A court case related to the Ottawa police’s investigation into a child’s wagon carrying jerry cans to help fuel Freedom Convoy protestors last year has resulted in the accused, Allen Remley, being acquitted of all charges of mischief and obstruction of police.
Lawyer Jim Karahalios did not have to call any evidence to the case before Ontario Court Justice Perkins-McVey ruled that Crown prosecutors failed to justify their charges against Remley.
In her ruling, it was observed by the judge that the investigating officer had taken insufficient notes, and that the accused was not granted his lawful right to seek legal representation.
Police described how Remley used a wagon to provide a “mobile gas station” despite restrictions on the Freedom Convoy demonstrations that took up much of Ottawa’s downtown core last February.
During court proceedings, Const. Jonathan Kenney claimed to have spotted jerry cans on a child’s wagon located in the vicinity of Remley’s truck but was uncertain of their exact location. Then he said that the red wagon was situated approximately ten feet away from his car.
According to Kenney, a hostile crowd of protesters prevented him from being able to investigate further and he also stated that he did not see Remley actually fill up a car with fuel.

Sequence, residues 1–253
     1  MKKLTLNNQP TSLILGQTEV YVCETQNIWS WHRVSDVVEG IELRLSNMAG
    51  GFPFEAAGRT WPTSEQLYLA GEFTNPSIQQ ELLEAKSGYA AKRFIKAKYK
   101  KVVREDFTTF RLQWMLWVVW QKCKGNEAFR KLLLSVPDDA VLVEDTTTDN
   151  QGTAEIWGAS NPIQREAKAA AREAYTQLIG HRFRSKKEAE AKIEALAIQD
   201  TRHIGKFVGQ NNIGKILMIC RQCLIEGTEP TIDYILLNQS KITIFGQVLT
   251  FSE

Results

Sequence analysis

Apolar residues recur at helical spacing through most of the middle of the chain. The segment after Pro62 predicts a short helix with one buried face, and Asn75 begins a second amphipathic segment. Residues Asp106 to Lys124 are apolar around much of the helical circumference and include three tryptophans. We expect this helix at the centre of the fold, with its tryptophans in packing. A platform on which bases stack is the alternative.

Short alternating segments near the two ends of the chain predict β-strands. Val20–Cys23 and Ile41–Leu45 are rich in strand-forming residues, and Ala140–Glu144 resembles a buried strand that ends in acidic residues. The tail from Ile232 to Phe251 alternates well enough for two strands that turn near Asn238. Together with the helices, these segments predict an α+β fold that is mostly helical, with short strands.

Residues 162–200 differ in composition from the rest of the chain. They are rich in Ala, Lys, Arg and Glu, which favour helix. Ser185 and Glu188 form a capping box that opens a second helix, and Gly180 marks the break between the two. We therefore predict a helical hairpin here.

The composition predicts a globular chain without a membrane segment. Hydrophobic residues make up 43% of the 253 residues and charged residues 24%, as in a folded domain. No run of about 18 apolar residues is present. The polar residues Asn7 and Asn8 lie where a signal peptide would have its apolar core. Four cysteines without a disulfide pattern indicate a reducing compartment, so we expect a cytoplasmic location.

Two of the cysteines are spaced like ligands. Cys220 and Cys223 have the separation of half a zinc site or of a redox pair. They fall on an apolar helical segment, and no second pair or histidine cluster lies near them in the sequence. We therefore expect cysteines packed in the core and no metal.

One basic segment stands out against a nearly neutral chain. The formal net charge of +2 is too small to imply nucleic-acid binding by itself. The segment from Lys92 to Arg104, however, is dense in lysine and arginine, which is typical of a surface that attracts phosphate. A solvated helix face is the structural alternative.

“The investigation was not worth it,” said Kenney.
When he was asked whether he had asked for Remley’s license, he said he wasn’t sure if he had the authority to do so.
“Hmmm, now I’m not sure I had authority. … At the time, I thought I had authority under the Highway Traffic Act, but now I think I didn’t. I asked for the identification to continue my investigation. It was an error on my part,” said Kenney.
According to Kenney, he asked Remley to leave but did not give him the right to counsel, admitting his notes from the time were “not great.”
“Based on the evidence before me, the best we have is jerry cans in a wagon 10 feet away with dozens of people milling about,” said Justice Perkins-McVey.